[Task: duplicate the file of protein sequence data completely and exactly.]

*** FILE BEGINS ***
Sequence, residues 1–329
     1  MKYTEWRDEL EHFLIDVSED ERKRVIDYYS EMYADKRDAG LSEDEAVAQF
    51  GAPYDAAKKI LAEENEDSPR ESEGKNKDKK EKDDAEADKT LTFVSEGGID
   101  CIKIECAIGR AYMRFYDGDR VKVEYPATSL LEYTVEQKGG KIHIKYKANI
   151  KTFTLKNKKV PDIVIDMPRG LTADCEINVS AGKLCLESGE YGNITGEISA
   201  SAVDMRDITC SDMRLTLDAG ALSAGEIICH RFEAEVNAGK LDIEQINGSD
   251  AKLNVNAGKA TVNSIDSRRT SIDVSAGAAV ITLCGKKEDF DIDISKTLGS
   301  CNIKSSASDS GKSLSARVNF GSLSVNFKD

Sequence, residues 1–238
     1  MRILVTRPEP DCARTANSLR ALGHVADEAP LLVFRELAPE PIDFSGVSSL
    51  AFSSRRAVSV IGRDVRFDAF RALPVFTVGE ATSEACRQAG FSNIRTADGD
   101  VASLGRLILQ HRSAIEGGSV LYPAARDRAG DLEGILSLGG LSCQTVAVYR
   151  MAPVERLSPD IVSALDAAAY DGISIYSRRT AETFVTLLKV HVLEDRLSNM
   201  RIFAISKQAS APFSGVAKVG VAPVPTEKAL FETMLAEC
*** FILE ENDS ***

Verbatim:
Sequence, residues 1–329
     1  MKYTEWRDEL EHFLIDVSED ERKRVIDYYS EMYADKRDAG LSEDEAVAQF
    51  GAPYDAAKKI LAEENEDSPR ESEGKNKDKK EKDDAEADKT LTFVSEGGID
   101  CIKIECAIGR AYMRFYDGDR VKVEYPATSL LEYTVEQKGG KIHIKYKANI
   151  KTFTLKNKKV PDIVIDMPRG LTADCEINVS AGKLCLESGE YGNITGEISA
   201  SAVDMRDITC SDMRLTLDAG ALSAGEIICH RFEAEVNAGK LDIEQINGSD
   251  AKLNVNAGKA TVNSIDSRRT SIDVSAGAAV ITLCGKKEDF DIDISKTLGS
   301  CNIKSSASDS GKSLSARVNF GSLSVNFKD

Sequence, residues 1–238
     1  MRILVTRPEP DCARTANSLR ALGHVADEAP LLVFRELAPE PIDFSGVSSL
    51  AFSSRRAVSV IGRDVRFDAF RALPVFTVGE ATSEACRQAG FSNIRTADGD
   101  VASLGRLILQ HRSAIEGGSV LYPAARDRAG DLEGILSLGG LSCQTVAVYR
   151  MAPVERLSPD IVSALDAAAY DGISIYSRRT AETFVTLLKV HVLEDRLSNM
   201  RIFAISKQAS APFSGVAKVG VAPVPTEKAL FETMLAEC